Now let me correct a wooden interpretation here. When we hear about the hungry, the poor, the naked, we tend to think only of those who are maybe out on the streets, or who are somehow socio-economically lesser than us. This is literally true, but it is not the whole truth. The whole truth is that every single person, whether rich or poor, in high or low status, every single person can be poor or naked or hungry. How so? For love, hungry for love, for attention, for acceptance. Everyone can be poor. Poor in character, poor in ability to understand, to endure, to persevere, to survive, to sustain mental or physical health. Everyone can be naked. Naked in having been stripped down through abuse, through shame, through crippling anxiety, exposing them in their raw, unclothed state, to the thorns of our cultural demand for endless stamina, productivity, and excellence; a habit that makes so many, though naked, cover themselves with arrogance, anger, hatred, bigotry, alcoholism and drugs.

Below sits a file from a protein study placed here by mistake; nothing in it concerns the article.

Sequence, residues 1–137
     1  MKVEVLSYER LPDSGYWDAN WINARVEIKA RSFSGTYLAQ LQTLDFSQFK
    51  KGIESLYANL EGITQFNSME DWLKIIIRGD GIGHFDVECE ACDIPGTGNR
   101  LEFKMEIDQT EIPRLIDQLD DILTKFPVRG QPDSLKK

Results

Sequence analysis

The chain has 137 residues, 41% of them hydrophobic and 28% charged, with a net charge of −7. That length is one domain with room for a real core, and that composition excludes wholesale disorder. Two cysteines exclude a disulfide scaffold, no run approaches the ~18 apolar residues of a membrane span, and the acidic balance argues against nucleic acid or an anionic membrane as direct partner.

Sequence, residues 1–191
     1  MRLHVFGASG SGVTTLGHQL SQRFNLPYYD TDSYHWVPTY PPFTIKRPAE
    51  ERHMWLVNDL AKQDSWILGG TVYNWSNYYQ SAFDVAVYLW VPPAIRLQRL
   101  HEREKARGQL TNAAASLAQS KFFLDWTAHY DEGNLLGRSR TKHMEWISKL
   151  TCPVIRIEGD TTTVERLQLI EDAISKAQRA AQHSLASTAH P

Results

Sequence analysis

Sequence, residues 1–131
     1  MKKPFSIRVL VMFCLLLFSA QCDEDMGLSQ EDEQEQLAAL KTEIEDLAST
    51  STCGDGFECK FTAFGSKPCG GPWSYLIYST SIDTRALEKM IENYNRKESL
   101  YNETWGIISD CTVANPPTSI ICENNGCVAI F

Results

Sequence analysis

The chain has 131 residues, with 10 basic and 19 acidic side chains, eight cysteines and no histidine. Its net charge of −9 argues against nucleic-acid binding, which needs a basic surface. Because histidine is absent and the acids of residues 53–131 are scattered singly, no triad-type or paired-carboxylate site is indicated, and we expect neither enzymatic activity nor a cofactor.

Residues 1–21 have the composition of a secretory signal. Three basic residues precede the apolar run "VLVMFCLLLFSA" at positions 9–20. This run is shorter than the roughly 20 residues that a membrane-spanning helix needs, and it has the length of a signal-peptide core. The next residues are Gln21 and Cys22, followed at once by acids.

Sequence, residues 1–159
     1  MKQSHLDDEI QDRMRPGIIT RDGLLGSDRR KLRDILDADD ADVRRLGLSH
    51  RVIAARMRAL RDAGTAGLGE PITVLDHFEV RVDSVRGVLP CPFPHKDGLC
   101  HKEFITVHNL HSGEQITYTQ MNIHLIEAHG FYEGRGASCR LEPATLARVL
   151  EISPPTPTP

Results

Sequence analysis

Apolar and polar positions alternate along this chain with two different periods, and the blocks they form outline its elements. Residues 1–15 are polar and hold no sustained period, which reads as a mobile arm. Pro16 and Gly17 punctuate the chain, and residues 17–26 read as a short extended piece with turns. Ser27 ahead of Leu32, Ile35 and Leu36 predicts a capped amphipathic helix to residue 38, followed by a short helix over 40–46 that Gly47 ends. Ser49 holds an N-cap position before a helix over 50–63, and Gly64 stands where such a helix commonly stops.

So yes, absolutely, we are called, as Christians, to make space in our hearts and minds for those who are literally poor, on the streets, who are hungry because they literally don’t have enough carbohydrate and protein to sustain their body weight or they struggle to know where they can get enough from day to day. But we are called to recognize that this is not the limit of what God is saying to us here. God is saying that we must recognize that all of us have and will fallen into this state, and therefore that as we look around this room, this neighborhood, this city, this province, this country, our continent and this world, we are called to see everyone as those in desperate need of God’s grace, of his food, of his water of life, of his body and blood, of his ark, the cross, upon which all human life depends.